14 Paintings

July 4, 2012

“I blur things to make everything equally important and equally unimportant. I blur things so that they do not look artistic or craftsmanlike but technological, smooth and perfect. I blur things to make all the parts a closer fit. Perhaps I also blur out the excess of unimportant information.” – Gerhard Richter

Just a little experiment to extend Richter’s thoughts into the world of digital by using his original paintings as a starting point, outlining the creative potential of computer code to enhance and/or alter the process of painting and image creation. The technique takes random source points to create simple geometric shapes that are based on the underlying color palette. The placement of the shapes is based on mathematical and programming logic.

Most people only see the end result of digital work, ignoring the process. But the formal workings of digital art have parallels with the techniques and theoretical concerns of fine art, offering limitless possibilities.

Draw Mohammad Day?

May 21, 2012

My contribution to the Draw Mohammad Day yesterday. Everyone seemed to be hell bent on drawing offensive, insulting images and starting a Holy War. Thought I’d try to do something nice instead with generative art (math & code), and still make a point about freedom of speech.

Or at least, that’s what I’m calling it anyway.  It’s part of my artist’s statement for my entry to the Art Takes Times Square competition, where you can vote for me by clicking on ‘Collect Me’, and help me win the chance to have the work below shown in Times Square.

This is my artist’s statement and collection I submitted in full:-

I create computer coded, algorithmic art. My basic technique is writing code which progressively fills a given area following arbitrary rules and mathematics.

A ‘seed’ image is iterated randomly with unique size, position and orientation (and colouring sometimes), without any overlapping, until a space is filled up, the program code then stops, and the piece is complete, but often I’ll use the results as the seed image for the next piece, creating an iterative, feedback process, which continually evolves and mutates into new compositions through experimentation and discovery.

The basic seed image I start with is usually cultural, political, spiritual, or from nature. I’m fascinated by symbols and icons, and the uniqueness of each shape, and how, when iterated into infinity, you see its self-similar qualities emerge and unravel guiding the overall composition and structure, qualities shared by the DNA helix, fractals and nature.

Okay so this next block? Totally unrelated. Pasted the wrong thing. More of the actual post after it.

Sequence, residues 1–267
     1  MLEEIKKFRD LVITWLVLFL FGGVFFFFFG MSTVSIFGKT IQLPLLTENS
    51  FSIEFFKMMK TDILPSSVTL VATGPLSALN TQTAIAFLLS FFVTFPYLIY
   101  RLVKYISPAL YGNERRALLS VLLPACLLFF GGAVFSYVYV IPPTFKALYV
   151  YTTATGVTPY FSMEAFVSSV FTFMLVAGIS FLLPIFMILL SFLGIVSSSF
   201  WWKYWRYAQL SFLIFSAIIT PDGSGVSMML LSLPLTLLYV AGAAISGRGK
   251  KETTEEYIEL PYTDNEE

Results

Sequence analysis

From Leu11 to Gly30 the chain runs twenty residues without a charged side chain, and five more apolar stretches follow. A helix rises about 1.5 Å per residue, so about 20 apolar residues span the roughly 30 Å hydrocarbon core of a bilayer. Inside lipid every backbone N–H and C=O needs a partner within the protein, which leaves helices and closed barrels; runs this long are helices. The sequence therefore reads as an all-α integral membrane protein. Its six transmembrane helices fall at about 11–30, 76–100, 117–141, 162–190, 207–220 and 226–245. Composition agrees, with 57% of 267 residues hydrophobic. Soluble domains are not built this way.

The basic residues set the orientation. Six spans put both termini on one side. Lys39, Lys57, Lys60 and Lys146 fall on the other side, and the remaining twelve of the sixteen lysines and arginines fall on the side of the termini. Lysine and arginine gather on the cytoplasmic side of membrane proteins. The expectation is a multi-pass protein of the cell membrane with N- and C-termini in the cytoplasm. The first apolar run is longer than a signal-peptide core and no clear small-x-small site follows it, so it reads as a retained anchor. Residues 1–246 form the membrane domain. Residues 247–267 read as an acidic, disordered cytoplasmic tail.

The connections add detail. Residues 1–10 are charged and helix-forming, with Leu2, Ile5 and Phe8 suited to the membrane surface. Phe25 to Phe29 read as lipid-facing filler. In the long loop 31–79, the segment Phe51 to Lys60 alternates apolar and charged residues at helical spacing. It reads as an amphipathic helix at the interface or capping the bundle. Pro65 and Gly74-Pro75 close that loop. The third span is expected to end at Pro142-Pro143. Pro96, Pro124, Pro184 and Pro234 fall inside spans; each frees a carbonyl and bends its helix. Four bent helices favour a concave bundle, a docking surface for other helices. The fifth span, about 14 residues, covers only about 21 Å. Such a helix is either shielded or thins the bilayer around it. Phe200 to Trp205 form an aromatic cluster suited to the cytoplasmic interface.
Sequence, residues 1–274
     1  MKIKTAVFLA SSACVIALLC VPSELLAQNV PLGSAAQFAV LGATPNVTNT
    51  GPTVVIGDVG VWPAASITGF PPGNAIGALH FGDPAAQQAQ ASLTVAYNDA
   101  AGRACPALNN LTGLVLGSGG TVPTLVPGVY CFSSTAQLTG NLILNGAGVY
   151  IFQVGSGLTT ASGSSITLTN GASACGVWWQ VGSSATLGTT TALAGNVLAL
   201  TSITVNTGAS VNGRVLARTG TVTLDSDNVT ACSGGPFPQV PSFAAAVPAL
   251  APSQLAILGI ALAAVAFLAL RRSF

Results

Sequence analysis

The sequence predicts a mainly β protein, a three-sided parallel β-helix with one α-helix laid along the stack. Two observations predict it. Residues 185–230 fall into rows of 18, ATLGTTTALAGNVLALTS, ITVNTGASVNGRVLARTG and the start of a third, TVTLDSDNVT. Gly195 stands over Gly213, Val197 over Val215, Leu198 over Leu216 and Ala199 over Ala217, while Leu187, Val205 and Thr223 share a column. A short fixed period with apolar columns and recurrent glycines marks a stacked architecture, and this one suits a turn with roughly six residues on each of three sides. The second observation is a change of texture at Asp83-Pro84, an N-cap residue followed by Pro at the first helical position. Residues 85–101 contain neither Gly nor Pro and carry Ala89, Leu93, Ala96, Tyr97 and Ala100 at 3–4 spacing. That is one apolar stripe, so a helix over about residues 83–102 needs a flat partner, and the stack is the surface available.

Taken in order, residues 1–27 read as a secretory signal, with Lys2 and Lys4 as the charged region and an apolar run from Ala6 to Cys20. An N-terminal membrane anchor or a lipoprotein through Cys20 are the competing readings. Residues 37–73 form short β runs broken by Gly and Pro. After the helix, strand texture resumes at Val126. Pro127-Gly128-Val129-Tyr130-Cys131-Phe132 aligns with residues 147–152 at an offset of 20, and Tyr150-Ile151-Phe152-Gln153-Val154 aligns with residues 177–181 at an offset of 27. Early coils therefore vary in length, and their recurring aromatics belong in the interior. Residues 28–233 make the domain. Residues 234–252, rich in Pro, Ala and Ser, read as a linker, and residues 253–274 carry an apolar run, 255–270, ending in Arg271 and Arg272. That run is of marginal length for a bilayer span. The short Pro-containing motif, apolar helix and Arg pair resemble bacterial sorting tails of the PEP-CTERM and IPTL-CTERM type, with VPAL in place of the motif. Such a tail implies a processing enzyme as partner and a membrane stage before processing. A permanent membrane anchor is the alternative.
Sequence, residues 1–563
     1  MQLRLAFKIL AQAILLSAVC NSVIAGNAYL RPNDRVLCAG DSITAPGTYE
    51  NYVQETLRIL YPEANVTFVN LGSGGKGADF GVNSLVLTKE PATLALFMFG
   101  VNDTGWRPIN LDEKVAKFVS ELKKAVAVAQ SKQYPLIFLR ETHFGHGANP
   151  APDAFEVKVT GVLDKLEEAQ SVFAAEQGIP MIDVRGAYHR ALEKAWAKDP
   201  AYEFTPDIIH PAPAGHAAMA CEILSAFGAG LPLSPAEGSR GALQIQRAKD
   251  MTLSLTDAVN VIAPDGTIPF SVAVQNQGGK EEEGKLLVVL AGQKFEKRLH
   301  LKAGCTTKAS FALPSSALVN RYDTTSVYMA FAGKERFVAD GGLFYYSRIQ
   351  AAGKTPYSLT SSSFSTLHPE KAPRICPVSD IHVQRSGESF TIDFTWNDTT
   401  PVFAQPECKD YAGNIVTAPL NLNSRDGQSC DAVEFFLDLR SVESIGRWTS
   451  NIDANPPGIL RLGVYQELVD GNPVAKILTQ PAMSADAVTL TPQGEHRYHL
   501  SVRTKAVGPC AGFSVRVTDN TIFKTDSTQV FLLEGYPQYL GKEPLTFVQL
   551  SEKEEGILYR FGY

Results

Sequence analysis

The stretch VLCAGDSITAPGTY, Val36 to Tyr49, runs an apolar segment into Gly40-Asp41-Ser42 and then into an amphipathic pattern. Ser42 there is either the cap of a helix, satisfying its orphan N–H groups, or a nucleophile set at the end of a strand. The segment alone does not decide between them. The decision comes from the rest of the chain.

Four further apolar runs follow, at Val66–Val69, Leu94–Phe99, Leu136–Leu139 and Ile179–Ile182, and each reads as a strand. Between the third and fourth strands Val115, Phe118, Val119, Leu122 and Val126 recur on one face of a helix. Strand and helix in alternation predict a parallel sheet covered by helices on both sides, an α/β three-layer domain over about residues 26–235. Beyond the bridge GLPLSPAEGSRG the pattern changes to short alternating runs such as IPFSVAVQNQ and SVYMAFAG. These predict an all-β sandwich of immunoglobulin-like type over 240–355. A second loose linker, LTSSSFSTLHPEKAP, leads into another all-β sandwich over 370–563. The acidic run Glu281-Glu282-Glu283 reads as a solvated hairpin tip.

Although the work is computer generated, I still think like an artist. How will I fill this particular area ? – what kind of feel and tone do I want, and how will I write or change the code to achieve this? Or maybe I’ll just randomly change some numbers and see what happens. Generative computer art doesn’t have to be a movement or field of art in itself, it’s maybe just an evolution of fine art.

By accident, or design, a lot of pieces end up like mandalas and mosaics, guided by the geometric and organic principles.

This collection is some of my recent work, using themes and symbols from New York City, Andy Warhol, my studio’s monogram logo and the Dingbat font.

Hi folks, if you can, you can help me win a competition to have my work exhibited in Times Square. Click this link, and then click on ‘Collect Me’.  Thanks!!



Have been playing around with the Space Filling code I’ve so enjoyed developing in the past.  I’ve spent time optimising the code, ensuring that it looks good at high res, so that art works could be created for print / wall murals etc.

The basic premise of the Processing code is to randomly and repeatedly place a shape or graphic in an empty space until there is no room left, upon which the graphic is made smaller, and the testing begins again to fill in available spaces.  This is repeated until the graphic is ‘infiniely’ small.

The result is a sort of fractal iteration.  The source graphic, be it a logo, letter, number or abstract shape always seems to create its own unique composition, which retains the characteristics of the original image, and captures its essence in the millions of iterations.  Sometimes I’ll use an invisible matte layer to guide the contours, such as a circle or heart shape.

My next few blogs will probably see me develop a series of art works like these, where I’ll develop and experiment with the ‘filling’ algorithm.

To start with here’s the logo of my agency and studio in New York – Culture Shock, followed by some high res, iterative art.


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